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  1. 1. MODULE-1 SOURCES OF ENERGY ENERGY RESOURCES Energy Resources: energy is defined as the capacity to do work. it is primary requirement for day to day activities of human beings. ENERGY- Capacity to do work  Most of the energy that we use is mainly derived from conventional energy sources.  Due to the vast demand of energy, the rate of depletion of these resources has reached alarmingly low levels.  This situation has directed us to seek alternate energy sources such as solar, wind, ocean, biomass, Hydel etc.
  2. 2. ENERGY SOURCES Energy that comes from outer space is called CELESTIAL or INCOME energy. The CAPITAL energy sources are mainly, fossil fuels, nuclear fuels and heat traps. CELESTIAL ENERGY SOURCES ARE- Electromagnetic, gravitational and particle energy from stars, planets, moon etc. The energy existing in the earth is known as CAPITAL energy. ELECTROMAGNETIC ENERGY of the earth‟s sun is called DIRECT SOLAR ENERGY. This results in WIND, HYDEL, GEOTHERMAL, BIOFUEL, etc. GRAVITATIONAL ENERGY of earth‟s moon produces TIDALENERGY.
  3. 3. Different sources of energy: The sources of energy are classified in the following two ways: (a) Conventional and non- conventional sources of energy (b) Renewable and non-renewable sources of energy
  4. 4. RENEWABLE SOURCES OF ENERGY Energy sources which are continuously produced in nature and are essentially inexhaustible are called renewable energy sources. 1. Direct solar energy 2. Wind energy 3. Tidal energy 4. Hydel energy 5. Ocean thermal energy 6. Bio energy 7. Geo thermal energy 8. Peat 9. Fuel wood 10. Fuel cells 11. Solid wastes 12. Hydrogen NON-RENEWABLE ENERGY SOURCES Energy sources which have been accumulated over the ages and not quickly replenish able when they are exhausted. 1. Fossil fuels. 2. Nuclear fuels. 3. Heat traps.
  5. 5. Conventional sources of energy Non- conventional sources of energy These are widely used and economical These are rarely used and initial cost is high Most of them are exhaustible Most of them are in-exhaustible Most of them are pollute the environment Most of them are environment friendly They are reliable (continuous supply of energy is possible) They are not reliable (continuous supply of energy is not possible) Energy transmission cost is high Energy transmission cost is low Example: Fossil fuels, Hydel energy Example: solar, wind, tidal etc. Difference between Conventional and non- conventional sources of energy:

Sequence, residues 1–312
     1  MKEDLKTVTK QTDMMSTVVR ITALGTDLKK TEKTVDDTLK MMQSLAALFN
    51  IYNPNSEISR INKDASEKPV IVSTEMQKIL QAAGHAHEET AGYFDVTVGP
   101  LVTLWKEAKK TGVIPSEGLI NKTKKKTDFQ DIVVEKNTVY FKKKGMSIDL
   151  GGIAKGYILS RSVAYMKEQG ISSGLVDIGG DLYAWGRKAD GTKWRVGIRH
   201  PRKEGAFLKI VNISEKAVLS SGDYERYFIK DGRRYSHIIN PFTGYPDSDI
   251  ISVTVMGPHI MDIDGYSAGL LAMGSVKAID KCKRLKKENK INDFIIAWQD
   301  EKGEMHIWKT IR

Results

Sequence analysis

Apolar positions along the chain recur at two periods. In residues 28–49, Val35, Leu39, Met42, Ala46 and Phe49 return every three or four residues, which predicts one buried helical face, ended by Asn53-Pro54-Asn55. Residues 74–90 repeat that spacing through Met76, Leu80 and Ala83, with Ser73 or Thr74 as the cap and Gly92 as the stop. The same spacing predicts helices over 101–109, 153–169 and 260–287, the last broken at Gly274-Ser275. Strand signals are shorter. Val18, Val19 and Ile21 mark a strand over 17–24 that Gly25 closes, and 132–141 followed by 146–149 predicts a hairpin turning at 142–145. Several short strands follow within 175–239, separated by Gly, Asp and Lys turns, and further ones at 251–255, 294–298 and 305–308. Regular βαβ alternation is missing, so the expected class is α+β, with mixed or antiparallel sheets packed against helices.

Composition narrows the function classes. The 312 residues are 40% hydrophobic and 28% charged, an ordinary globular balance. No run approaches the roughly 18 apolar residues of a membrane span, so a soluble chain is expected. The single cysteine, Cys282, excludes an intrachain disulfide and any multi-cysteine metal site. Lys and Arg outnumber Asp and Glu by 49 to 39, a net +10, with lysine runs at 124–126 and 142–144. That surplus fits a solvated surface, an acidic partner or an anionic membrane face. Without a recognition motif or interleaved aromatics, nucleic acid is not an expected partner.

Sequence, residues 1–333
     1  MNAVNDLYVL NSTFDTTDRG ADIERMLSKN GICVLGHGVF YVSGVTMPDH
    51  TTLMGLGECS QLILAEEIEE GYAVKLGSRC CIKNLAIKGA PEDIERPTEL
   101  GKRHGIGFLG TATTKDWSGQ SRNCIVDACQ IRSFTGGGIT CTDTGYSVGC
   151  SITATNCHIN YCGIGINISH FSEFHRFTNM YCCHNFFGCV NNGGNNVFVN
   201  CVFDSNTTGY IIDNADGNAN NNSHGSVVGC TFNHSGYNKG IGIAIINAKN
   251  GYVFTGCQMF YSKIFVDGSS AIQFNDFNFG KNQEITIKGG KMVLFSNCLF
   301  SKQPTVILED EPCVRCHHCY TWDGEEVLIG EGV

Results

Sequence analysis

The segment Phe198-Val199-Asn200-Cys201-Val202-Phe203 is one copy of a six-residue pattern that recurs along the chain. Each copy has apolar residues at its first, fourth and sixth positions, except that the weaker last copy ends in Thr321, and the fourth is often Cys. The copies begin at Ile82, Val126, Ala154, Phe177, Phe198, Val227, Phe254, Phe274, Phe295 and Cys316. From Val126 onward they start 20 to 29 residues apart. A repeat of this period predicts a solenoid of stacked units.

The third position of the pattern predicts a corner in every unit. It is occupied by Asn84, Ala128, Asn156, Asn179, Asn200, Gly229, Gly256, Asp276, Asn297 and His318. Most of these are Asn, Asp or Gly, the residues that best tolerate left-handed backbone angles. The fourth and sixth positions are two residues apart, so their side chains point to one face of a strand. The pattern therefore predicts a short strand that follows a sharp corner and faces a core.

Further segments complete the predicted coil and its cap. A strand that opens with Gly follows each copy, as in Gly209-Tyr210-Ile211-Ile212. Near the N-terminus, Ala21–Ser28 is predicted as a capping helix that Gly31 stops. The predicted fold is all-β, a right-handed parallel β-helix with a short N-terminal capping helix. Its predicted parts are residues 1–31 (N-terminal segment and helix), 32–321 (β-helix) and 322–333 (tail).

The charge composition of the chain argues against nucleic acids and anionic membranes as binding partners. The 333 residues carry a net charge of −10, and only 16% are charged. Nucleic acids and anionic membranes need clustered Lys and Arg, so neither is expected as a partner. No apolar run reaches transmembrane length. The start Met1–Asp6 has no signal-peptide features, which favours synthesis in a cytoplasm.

6. 6. Renewable sources of energy Non- Renewable sources of energy These are in-exhaustible These are exhaustible Freely available and environment friendly Not freely available & hazardous to environment Initial cost is high but maintenance cost is low Initial cost is low but maintenance cost is high Energy concentration varies from region to region Energy concentration almost same in all region Example: solar, hydel, wind, tidal etc. Example: Fossil fuels, nuclear fuels. Difference between Renewable and non-renewable sources of energy:
  7. 7. HYDRO POWER PLANTS In hydroelectric power plants the potential energy of water due to its high location is converted into electrical energy. The total power generation capacity of the hydroelectric power plants depends on the head of water and volume of water flowing towards the water turbine.
  8. 8. The hydroelectric power plant, also called as dam or hydro power plant, is used for generation of electricity from water on large scale basis. The dam is built across the large river that has sufficient quantity of water throughout the river. In certain cases where the river is very large, more than one dam can built across the river at different locations. The rain water flowing as river can be stored behind dams and released in a regulated way to generate hydro power. https://www.youtube.com/watch?v=OC8Lbyeyh-E https://www.youtube.com/watch?v=W0axSL4tQYA